© Iowa State UniversityDescription: Armyworms are striped larvae, which feed on the foliage of corn and small grains in the late spring and early summer. Mature armyworm are about 1 1/2 inches in length. Corn planted no-till into a grassy cover crop such as rye or into an alfalfa stand mixed with orchardgrass is very likely to become heavily infested with armyworm. 

Damage Symptoms: Armyworms feed on the leaves of both seedlings and mature plants and can cause severe defoliation. They consume the softer leaf tissue, leaving the tougher midribs and stalk. Larvae typically start feeding on the lower leaves before moving to the upper leaves. 

Scouting: June or when grassy weeds are killed with herbicides. Early season problems occur in no-tilled fields that were in pasture or sod previously or that have heavy grassy weed populations. Late season problems occur when small grain crops mature and the armyworms migrate into adjacent corn.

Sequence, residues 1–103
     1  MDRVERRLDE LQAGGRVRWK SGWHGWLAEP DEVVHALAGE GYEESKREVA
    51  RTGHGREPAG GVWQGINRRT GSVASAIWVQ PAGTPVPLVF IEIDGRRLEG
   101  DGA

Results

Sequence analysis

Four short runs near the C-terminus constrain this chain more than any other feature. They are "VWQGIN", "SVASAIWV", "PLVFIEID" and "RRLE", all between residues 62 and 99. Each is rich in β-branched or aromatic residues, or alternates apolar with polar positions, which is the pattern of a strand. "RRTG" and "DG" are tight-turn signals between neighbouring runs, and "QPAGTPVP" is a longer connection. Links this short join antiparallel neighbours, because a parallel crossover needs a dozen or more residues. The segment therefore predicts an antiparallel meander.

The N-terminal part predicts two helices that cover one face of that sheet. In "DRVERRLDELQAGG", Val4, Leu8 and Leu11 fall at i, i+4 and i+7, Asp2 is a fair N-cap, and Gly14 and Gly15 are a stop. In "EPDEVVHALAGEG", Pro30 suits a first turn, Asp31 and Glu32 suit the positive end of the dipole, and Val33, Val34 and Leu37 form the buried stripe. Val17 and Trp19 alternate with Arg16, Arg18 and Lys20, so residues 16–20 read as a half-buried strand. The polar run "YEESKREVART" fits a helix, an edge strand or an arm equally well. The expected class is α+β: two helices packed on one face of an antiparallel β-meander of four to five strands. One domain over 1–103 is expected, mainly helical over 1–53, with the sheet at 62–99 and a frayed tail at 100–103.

Management: Eliminating the use of rye or other grassy cover will reduce the potential of armyworm outbreaks. At-plant insecticides can be used for a rescue treatment. 

The Ohio State University
Iowa State University Extension, Corn Field Guide: A reference for identifying diseases, insect pests and disorders of corn. 2009: 52.

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Muhammad Ramzan Rafique
Muhammad Ramzan Rafique

I am from a small town Chichawatni, Sahiwal, Punjab , Pakistan, studied from University of Agriculture Faisalabad, on my mission to explore world I am in Denmark these days..

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